A Special Series from North American Wholesale Lumber Association
By Mark McLean, Roseburg Forest Products
Congratulations! You survived the Great Recession. Like many companies in lean years, you might have achieved cost savings by slashing your marketing budget. If that’s true, now is the time to start building it back up.
But when you invest in marketing this time around, consider what you might do differently. Here at Roseburg, we have traditionally focused on product marketing. What that meant, practically speaking, is that we centered our promotional and advertising activities on our product lines.
Two years ago, after internal deliberations and consultation with our agency partner, we decided to take a different tact. Products are still important (after all, someone has to buy something for a company to stay in business), but our front-line marketing activities have shifted from product marketing to brand-building. Telling our company’s story has become just as important as listing the products we sell.
Here’s another way to look at it: Let’s say you’re an auto manufacturer. From a product-marketing perspective, you want to distinguish your vehicles from others. That can mean the difference between a truck and a convertible, or the difference between two different trucks or two different convertibles.
With a brand-marketing approach, you want to distinguish your entire company from others. In our previous example, it’s the difference between buying a car from Audi, Ford, GM and so on.
Why should you focus on brand-building? Before the Internet, it may have been advantageous to promote your products in ads, especially print magazines. They were a customer’s main source of information, so in a sense you had a captive audience. Things have changed to the point where you could say advertising has become “opt-in.” Customers have many sources of information, so the purpose of advertising has changed. Now as far as I’m concerned, the whole reason for marketing communications is to make people aware of your company. An awareness of who you are precedes detailed knowledge about your products.
There’s even more to it than that. A strong brand can make a difference to the bottom line. In the 1980s, Dr. David Aaker popularized the concept of business equity, which he defined as “a set of brand assets and liabilities linked to a brand name and symbol, which add to or subtract from the value provided by a product or service.” In theory, brand equity can reduce advertising costs over the long run, as your brand becomes a stand-in for all the benefits you were trying to promote. Or it can help reduce customer turnover by fostering long-term loyalty to your brand.
So when I say customers should know ‘who you are,’ I don’t mean simply the name of your company. Your new challenge is to forge an emotional relationship between your brand and potential buyers. You want to be the first company that they think of when they need something. That’s difficult to do if you’re just talking about products. When we decided to emphasize our brand, what we really wanted was to tell our story, to let people understand who we are and to communicate our values.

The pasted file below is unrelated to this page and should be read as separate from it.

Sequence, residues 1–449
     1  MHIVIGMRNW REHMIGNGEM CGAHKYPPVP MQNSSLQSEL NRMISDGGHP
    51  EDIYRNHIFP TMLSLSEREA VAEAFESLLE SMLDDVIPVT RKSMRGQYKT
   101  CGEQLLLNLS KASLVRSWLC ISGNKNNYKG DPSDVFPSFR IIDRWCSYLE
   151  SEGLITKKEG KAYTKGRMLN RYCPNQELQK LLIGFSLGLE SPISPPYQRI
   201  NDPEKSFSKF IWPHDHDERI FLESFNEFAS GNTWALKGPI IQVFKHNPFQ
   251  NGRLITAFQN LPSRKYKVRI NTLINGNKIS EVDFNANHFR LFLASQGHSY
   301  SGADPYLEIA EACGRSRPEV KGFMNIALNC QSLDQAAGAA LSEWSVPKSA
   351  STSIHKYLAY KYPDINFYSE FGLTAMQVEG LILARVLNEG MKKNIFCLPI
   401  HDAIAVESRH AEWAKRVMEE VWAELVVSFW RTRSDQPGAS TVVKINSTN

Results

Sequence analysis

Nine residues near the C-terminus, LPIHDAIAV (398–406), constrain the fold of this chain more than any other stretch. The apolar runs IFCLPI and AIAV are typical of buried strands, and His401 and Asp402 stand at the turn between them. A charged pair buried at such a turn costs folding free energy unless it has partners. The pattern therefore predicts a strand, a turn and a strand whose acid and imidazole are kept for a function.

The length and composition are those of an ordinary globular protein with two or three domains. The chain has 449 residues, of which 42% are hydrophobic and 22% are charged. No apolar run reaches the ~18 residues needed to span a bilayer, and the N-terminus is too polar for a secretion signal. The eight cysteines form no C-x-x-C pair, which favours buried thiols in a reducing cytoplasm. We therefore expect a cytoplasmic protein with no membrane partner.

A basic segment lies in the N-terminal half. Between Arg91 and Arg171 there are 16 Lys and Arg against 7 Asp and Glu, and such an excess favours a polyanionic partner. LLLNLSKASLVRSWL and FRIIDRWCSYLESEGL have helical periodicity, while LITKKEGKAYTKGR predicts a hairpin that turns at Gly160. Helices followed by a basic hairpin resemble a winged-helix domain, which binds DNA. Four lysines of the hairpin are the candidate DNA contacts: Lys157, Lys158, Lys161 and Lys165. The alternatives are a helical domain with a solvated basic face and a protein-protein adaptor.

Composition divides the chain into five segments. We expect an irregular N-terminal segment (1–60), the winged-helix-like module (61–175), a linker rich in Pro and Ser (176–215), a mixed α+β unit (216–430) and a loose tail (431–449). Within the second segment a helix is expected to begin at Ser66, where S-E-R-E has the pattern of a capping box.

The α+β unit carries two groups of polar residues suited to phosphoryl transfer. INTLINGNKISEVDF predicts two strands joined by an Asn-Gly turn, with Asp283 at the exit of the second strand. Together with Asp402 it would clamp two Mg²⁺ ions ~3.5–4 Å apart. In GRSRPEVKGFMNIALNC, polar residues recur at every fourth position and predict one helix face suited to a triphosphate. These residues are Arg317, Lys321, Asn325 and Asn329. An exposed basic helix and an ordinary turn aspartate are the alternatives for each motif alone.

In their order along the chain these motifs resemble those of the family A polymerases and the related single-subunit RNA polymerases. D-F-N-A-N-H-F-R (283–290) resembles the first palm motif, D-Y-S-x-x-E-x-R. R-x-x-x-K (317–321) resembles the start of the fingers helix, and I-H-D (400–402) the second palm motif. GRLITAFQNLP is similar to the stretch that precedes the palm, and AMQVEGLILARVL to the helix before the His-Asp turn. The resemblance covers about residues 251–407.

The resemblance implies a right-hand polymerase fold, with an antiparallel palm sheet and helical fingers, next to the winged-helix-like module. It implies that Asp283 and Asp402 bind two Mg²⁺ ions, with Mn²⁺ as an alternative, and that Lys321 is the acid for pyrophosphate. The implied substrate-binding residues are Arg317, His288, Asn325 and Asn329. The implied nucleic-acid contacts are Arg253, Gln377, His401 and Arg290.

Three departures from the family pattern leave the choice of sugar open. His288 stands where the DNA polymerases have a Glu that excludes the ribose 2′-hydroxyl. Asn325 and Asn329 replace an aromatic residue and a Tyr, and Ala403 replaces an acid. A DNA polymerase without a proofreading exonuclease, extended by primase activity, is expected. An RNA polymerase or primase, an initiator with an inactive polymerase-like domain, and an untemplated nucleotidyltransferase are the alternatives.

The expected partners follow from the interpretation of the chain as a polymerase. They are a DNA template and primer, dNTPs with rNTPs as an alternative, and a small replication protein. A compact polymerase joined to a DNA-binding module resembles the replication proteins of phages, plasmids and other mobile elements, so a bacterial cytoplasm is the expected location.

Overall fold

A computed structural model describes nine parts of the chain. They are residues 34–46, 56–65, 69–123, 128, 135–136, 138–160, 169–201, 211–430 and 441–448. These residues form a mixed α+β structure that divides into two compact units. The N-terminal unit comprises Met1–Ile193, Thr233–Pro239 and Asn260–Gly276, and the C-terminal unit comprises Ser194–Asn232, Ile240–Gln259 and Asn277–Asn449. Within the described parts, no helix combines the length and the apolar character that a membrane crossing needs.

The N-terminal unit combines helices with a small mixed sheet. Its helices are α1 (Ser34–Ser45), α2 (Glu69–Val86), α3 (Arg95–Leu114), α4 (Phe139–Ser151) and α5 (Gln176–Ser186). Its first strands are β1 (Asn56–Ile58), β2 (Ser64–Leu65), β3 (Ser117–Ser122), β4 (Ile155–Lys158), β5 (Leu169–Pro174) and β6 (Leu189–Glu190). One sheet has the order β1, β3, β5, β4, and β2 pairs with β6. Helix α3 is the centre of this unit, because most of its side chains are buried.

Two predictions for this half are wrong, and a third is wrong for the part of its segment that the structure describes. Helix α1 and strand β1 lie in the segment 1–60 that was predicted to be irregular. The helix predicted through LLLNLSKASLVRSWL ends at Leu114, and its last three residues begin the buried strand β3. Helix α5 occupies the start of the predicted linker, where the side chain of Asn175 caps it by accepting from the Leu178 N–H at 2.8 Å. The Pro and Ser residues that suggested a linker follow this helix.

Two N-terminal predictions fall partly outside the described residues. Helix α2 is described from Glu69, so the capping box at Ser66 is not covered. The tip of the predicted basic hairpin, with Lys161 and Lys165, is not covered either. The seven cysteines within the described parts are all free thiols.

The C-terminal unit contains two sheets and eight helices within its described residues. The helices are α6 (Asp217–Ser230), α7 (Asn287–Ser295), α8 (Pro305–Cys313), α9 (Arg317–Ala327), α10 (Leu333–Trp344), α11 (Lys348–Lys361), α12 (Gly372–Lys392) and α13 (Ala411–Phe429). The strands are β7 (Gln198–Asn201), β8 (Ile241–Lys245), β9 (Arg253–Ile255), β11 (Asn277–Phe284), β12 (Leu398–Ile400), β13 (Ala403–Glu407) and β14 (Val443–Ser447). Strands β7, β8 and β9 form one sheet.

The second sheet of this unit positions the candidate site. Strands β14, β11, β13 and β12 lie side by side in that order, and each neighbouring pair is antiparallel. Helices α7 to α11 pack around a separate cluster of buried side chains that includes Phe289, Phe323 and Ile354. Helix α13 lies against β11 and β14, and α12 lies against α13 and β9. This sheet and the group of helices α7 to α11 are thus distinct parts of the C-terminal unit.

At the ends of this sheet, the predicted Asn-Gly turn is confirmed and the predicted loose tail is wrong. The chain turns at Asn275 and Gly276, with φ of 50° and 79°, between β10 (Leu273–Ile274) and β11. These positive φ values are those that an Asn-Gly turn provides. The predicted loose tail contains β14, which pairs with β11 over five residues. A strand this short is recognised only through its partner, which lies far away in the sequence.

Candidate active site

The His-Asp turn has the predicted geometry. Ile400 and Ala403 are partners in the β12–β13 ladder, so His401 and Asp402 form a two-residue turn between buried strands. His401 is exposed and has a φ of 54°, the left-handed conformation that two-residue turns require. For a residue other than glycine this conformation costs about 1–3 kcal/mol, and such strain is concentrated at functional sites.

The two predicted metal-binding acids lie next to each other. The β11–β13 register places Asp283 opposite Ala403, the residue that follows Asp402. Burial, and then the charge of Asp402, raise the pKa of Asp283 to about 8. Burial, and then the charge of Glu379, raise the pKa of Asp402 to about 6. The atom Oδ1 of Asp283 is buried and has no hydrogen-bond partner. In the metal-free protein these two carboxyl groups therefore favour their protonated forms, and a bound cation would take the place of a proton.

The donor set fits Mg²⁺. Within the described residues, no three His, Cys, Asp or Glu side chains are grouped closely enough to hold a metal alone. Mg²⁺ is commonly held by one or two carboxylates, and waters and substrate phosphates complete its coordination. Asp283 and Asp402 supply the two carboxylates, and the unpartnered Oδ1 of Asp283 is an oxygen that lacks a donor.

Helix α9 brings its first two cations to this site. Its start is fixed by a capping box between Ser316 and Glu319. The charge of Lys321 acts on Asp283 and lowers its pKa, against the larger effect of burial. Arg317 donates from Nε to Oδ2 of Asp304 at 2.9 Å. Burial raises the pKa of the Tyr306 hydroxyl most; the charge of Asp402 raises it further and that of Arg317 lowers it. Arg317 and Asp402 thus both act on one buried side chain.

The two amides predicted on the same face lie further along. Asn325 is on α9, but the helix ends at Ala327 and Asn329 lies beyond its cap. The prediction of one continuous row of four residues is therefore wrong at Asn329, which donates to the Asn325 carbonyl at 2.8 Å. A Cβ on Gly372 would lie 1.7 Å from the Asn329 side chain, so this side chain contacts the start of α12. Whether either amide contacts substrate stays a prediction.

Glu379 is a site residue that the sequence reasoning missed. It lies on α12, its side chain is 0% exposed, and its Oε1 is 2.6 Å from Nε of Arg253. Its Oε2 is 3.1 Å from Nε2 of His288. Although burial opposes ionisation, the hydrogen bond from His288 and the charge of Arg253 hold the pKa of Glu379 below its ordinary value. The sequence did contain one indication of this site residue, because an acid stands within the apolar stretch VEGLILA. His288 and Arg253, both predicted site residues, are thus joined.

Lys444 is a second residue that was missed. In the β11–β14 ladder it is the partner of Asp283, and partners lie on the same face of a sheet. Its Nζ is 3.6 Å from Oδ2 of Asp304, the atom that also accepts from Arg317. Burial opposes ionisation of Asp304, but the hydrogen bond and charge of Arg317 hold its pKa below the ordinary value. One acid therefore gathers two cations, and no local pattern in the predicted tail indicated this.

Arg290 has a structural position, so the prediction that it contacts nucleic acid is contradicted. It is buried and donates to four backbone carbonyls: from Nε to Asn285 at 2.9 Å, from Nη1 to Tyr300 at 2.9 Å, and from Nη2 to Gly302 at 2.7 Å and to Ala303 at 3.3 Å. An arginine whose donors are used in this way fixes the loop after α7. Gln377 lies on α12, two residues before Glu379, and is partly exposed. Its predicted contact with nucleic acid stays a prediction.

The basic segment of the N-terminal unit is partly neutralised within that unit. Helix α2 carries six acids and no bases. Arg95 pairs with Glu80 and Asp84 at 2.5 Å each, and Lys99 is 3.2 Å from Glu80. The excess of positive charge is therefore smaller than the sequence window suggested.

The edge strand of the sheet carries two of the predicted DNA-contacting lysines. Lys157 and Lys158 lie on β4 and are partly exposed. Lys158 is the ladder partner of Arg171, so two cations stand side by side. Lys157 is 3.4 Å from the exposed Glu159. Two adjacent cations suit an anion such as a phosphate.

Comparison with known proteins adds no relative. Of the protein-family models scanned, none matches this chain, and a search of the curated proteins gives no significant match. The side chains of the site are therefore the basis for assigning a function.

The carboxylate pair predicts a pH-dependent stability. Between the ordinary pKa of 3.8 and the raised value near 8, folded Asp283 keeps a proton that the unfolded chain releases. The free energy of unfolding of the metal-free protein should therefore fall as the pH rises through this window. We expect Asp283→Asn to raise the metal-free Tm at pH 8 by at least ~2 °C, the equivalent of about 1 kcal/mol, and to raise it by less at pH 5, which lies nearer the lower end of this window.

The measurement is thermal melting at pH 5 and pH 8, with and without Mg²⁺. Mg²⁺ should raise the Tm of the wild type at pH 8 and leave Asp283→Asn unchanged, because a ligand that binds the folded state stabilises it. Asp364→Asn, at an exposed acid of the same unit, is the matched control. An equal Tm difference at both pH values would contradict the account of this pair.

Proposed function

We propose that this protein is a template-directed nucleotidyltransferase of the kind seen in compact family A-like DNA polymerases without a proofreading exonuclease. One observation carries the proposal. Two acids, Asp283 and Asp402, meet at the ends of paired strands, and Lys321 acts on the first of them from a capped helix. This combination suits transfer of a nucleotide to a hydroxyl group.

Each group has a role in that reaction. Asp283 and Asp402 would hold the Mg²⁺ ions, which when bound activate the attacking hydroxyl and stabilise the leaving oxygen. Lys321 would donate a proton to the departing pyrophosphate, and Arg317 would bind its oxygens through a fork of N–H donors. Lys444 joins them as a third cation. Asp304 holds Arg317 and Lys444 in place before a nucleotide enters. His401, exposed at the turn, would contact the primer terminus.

Did I mention that brand marketing only works if you’re clear about your story and your values? Before taking your message to the marketplace, think about what you stand for. At Roseburg, we operate around three values. One is “sawdust in the veins,” which means our employees need to have a passion for this industry. Two is “handshake integrity,” by which we mean that you say what you’re going to do and do what you say. The third value is “driven to win.”
For us to communicate those values meant talking about our employees. People relate to people, not to ‘products.’ So we decided to launch a promotional campaign that highlighted our employees. For our “Working for You” campaign, we ran advertisements on various platforms. Each ad featured a photo of an employee, their name and title, and an invitation to visit our website, where buyers could read detailed stories.
When customers come to your website, it’s an opportunity to deepen their connection with your brand. The experience they have browsing your website is part of the brand-building process. A clearly organized, well-designed, easy-to-navigate site supports a positive perception of your brand. At the same time, a site that’s difficult to use will reflect negatively on your brand.
And onward from there. Once you start thinking about your brand, you can see how it touches everything in your company. So take a good look at yours and think about how you can build on it this year.
– Mark McLean is director of marketing for Roseburg Forest Products, Roseburg, Or., and a member of NAWLA’s marketing committee.